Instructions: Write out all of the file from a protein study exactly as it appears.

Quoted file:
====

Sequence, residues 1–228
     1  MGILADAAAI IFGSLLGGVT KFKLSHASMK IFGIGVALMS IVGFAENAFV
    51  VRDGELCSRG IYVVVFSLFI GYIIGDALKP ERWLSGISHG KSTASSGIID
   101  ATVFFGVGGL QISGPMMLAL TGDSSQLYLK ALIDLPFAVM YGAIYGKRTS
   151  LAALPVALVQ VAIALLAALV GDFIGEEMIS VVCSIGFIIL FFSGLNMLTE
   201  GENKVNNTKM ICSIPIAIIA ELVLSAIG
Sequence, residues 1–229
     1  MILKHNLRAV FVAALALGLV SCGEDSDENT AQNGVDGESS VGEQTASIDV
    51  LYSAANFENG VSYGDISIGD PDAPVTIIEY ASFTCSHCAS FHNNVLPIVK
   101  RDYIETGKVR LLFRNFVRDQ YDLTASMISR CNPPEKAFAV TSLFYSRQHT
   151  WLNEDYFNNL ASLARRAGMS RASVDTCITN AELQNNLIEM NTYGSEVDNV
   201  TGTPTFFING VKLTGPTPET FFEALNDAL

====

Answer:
Sequence, residues 1–228
     1  MGILADAAAI IFGSLLGGVT KFKLSHASMK IFGIGVALMS IVGFAENAFV
    51  VRDGELCSRG IYVVVFSLFI GYIIGDALKP ERWLSGISHG KSTASSGIID
   101  ATVFFGVGGL QISGPMMLAL TGDSSQLYLK ALIDLPFAVM YGAIYGKRTS
   151  LAALPVALVQ VAIALLAALV GDFIGEEMIS VVCSIGFIIL FFSGLNMLTE
   201  GENKVNNTKM ICSIPIAIIA ELVLSAIG
Sequence, residues 1–229
     1  MILKHNLRAV FVAALALGLV SCGEDSDENT AQNGVDGESS VGEQTASIDV
    51  LYSAANFENG VSYGDISIGD PDAPVTIIEY ASFTCSHCAS FHNNVLPIVK
   101  RDYIETGKVR LLFRNFVRDQ YDLTASMISR CNPPEKAFAV TSLFYSRQHT
   151  WLNEDYFNNL ASLARRAGMS RASVDTCITN AELQNNLIEM NTYGSEVDNV
   201  TGTPTFFING VKLTGPTPET FFEALNDAL